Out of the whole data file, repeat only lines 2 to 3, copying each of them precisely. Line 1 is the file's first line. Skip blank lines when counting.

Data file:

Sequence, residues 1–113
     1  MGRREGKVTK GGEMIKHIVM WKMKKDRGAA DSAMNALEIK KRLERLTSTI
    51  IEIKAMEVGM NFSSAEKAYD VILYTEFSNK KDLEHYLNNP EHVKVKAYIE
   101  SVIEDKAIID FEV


     1  MGRREGKVTK GGEMIKHIVM WKMKKDRGAA DSAMNALEIK KRLERLTSTI
    51  IEIKAMEVGM NFSSAEKAYD VILYTEFSNK KDLEHYLNNP EHVKVKAYIE